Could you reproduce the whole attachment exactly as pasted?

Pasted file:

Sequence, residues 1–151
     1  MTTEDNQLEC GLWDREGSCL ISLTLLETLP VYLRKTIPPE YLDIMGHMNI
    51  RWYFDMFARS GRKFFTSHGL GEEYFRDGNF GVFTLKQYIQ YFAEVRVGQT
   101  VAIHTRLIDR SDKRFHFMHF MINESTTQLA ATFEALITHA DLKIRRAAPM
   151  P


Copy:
Sequence, residues 1–151
     1  MTTEDNQLEC GLWDREGSCL ISLTLLETLP VYLRKTIPPE YLDIMGHMNI
    51  RWYFDMFARS GRKFFTSHGL GEEYFRDGNF GVFTLKQYIQ YFAEVRVGQT
   101  VAIHTRLIDR SDKRFHFMHF MINESTTQLA ATFEALITHA DLKIRRAAPM
   151  P